Discussion in 'General Industry Discussions' started by irdannydgarner, Jun 19, 2019.

  1. EricC

    EricC LawnSite Senior Member
    Messages: 458

    To combine the Harley and Door examples. In reality, the person breaking the glass should have just paid for the glass. Problem solved. It's all the homeowner was owed or entitled to. But, to help ease the situation, they agreed to pay for a new door. I think they'd get the old door if they wanted to pursue it.

    Like if I backed into your Harley and damaged some stuff and because I wanted to make things easy, I decided just to buy you a knew one rather than pay for fixing what was broken. I find it highly unlikely a court would side with the owner in keeping the replacement and the repairable original.

    I wouldn't pursue it for a door, but if I wanted to, I have a feeling the courts would also rule the owner owns the replacement, they don't own 2 doors because legally, all they were entitled to is new glass, not 2 doors.
  2. Mattmowsgrass

    Mattmowsgrass LawnSite Member
    Messages: 132

    The judge may give the door to the contractor, I'd think they would. but until the courts do that the door belongs to the customer. in the future I'd have the customer sign a contract.
    hort101 likes this.
  3. EricC

    EricC LawnSite Senior Member
    Messages: 458

    I'd just pay for the glass :)

    They can take me to court for more.
  4. Mowing monkey.

    Mowing monkey. LawnSite Senior Member
    Messages: 581

    I don’t know why anyone cares about the door, if it wasn’t fixed to begin with it’s probably worthless. But for the topic of discussion you absolutely don’t get to keep the damaged item and the replacement one. Proved by insurance company’s keeping any vehicles they have to replace. If the insurance paid for stolen property that’s later recovered they get to keep that too.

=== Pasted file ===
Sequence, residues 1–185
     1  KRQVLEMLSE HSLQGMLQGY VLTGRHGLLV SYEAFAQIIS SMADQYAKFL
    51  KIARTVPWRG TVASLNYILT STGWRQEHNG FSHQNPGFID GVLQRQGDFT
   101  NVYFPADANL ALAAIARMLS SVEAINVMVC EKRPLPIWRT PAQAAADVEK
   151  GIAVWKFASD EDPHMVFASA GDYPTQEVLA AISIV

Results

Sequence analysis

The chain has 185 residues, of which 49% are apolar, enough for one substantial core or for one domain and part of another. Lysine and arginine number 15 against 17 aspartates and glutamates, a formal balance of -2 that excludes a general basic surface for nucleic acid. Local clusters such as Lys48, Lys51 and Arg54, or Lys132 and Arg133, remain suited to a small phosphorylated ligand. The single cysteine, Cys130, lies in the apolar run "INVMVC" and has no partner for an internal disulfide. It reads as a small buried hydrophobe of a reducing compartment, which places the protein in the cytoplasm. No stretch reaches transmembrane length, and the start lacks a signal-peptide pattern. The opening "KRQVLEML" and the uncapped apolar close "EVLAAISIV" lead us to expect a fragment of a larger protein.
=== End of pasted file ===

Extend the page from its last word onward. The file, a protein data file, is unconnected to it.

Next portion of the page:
JLSLLC LawnSite Fanatic
    Messages: 14,647

    I read somewhere the op said door was worth $400 or something like that for the wood
    Walker56 likes this.
  6. Ridin' Green

    Ridin' Green LawnSite Fanatic
    Male, from Michigan
    Messages: 21,359

    ^^^This is the only answer that needed to be posted.

    No judge would rule in favor of the HO. The HO is only entitled to exactly what he lost and nothing more. I am not a lawyer either, but you can take that to the bank. The HO is trying to gain/profit from this, not get back to what was before the incident and he isn't entitled to.
    hort101 likes this.
  7. weeze

    weeze LawnSite Fanatic
    Messages: 16,378

    you gotta watch people. they try to take advantage of situations. if you broke the glass all you have to pay for is a new glass insert. you don't have to buy them a whole new door just because that's what they want. it's not about what they want it's about fixing what you broke.
    hort101, paulsgrass and Charles like this.
  8. OP

    irdannydgarner LawnSite Member
    from texas
    Messages: 3

    Here is the law in Texas. What my friend should have done was just replace the glass. You are only liable for what you broke and have to put it back the way it was. If that wasn't good enough for the homeowner tuff crap. He could sue but would get laughed out of court. But by buying an entire new door and footing the bill he unknowingly settled out of court. The door was legally property of the homeowner and it would have been theft of property. As far as how car insurance companies go, the don't just hand you a check without you signing a release and somewhere in that paperwork you are agreeing to forfeit ownership of the old vehicle. Thanks for everyone's feedback was interesting to see so many points of view
    hort101 and Mattmowsgrass like this.

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